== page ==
architecture is still under development.
As above but for the host.
NOTE: Psim has yet to be built on a 64bit host.
Hardwire the PowerPC environment being modelled (user, virtual or
The PowerPC architecture defines three different levels of compliance to its
architectural specification. These environments are discussed in detail in
PowerPC publications.
user - normal user programs
virtual - an extension of the user environment (includes timers)
operating - kernel code
Ex: default
By default all three environments are supported.
Ex: recommended
If you only intend running psim with user (or operating) code then
PSIM should be configured accordingly. For user code, it eliminates:
support for timers and events and redundant VM calls.
Enable/disable the time base register.
The PowerPC architecture (virtual environment) includes a time base
register. Maintaining that register incurs an overhead in
performance that can be eliminated by eliminating time-base register
Ex: default
Normally this option is not used. Instead --enable-sim-env (above) us
used to disable/enable features such as the timebase register.
Control the PowerPC's memory access alignment restrictions.
The PowerPC in LE mode only allows memory transfers of a correctly
aligned size/address. The above option controls how misaligned
accesses are handled.
strict All accesses must be correctly aligned
nonstrict Unaligned access allowed (the are split
into a number of aligned accesses).
Ex: default
Unless otherwise specified PSIM will auto configure a BE program to
allow miss-aligned accesses while a LE program will not.
Ex: 604e
The recently announced 604e processor allows miss-aligned accesses in both
BE and LE modes. If modeling the 604e then you should specify:
Include code to trace PSIM's internal progress (also controlled by the
-t option).
Checking to see if a trace message should be output slows down a
simulation. Disabling this option (--disable-sim-trace) eliminates
completely that code.
Include the code that checks the correctness of parts of PSIM.
Eliminating such code (--disable-sim-assert) eliminates internal
consistency tests and their overhead.
Include code to check that the reserved fields of the instruction are
The PowerPC architecture defines certain fields of some instructions
as reserved (`/'). By default, for each instruction, PSIM will check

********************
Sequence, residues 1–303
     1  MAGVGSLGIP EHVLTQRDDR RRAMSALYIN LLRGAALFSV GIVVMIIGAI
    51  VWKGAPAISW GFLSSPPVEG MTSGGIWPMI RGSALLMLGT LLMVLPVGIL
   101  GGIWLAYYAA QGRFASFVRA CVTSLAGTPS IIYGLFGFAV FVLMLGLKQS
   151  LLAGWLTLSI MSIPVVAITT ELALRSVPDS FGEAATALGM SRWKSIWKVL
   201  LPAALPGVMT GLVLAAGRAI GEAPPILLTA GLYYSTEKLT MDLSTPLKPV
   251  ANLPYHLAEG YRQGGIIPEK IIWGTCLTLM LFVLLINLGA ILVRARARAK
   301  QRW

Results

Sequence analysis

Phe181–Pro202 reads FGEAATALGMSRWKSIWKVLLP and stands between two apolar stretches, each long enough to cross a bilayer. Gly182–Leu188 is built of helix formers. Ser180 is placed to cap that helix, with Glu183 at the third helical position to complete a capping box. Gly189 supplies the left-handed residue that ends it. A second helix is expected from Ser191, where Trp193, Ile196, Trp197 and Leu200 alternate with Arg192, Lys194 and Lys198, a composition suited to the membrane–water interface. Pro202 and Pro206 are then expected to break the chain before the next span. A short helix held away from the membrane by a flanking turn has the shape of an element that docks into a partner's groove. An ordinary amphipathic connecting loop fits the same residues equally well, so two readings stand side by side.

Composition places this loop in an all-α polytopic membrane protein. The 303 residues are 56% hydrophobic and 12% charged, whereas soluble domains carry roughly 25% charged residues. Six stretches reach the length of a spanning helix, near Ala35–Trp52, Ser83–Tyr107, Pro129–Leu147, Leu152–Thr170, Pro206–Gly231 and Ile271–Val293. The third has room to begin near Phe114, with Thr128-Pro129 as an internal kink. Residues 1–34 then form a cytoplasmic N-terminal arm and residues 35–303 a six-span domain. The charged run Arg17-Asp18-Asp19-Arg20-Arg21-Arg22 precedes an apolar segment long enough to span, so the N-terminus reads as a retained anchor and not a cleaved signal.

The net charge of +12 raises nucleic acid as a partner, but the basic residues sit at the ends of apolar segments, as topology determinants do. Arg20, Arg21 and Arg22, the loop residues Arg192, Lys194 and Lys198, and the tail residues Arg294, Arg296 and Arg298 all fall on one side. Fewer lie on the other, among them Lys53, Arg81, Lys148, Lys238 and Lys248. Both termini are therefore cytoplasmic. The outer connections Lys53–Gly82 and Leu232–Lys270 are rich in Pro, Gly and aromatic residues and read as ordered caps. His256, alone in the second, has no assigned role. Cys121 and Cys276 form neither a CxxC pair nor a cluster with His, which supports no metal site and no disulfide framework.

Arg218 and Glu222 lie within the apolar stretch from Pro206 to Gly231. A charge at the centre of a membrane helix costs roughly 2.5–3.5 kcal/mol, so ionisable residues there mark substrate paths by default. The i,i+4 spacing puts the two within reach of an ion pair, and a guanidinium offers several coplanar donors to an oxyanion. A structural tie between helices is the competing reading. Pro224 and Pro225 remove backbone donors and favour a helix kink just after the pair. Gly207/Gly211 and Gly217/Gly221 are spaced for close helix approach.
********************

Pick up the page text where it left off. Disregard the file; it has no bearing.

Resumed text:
the reserved fields causing an invalid instruction exception if a
field is invalid. Disabling this option eliminates this test. This
is at the slight risk of PSIM treating an invalid instruction as
Include support for hardware floating point.
Include support for basic instruction counting.
If you are not interested in the performance of either you program or
the simulator then you can disable this option.
Hardwire the processor that will be used as a reference when modeling
execution units.
Specify the processor of choice for the execution unit model.
Include support for the modeling of processor execution units.
Here of note are:
o ramp up the compiler options (some
of the below are P5 specific).
o disable anything not used
CC=gcc ./configure \
--prefix=/applications/psim \
--target=powerpc-unknown-eabi \
--enable-sim-powerpc \
--enable-sim-warnings \
--enable-sim-inline \
--disable-sim-smp \
--enable-sim-duplicate \
--enable-sim-endian=big \
--disable-sim-xor-endian \
--enable-sim-env=user \
--disable-sim-reserved-bits \
--disable-sim-assert \
The key configuration changes are:
o turn off the instruction cache. The overhead
of flushing and reloading it is greater than
not having a cache.
o use a switch statement (ppc-opcode-flat) for
the instruction decode and then (-O3) fully
inline all functions.
o --enable-sim-warnings is not present. GCC (2.7.2)
gets confused by the instruction decode table
generated by igen (contains a perfect switch)
and, as a consequence, generates a bogus warning.
CC=gcc ./configure \
--prefix=/applications/psim \
--target=powerpc-unknown-eabi \
--enable-sim-powerpc \
--enable-sim-inline \
--disable-sim-smp \
--enable-sim-duplicate \
--enable-sim-endian=big \
--disable-sim-xor-endian \
--enable-sim-env=operating \
--disable-sim-reserved-bits \
--disable-sim-assert \
--disable-sim-trace \
--enable-sim-opcode=ppc-opcode-flat \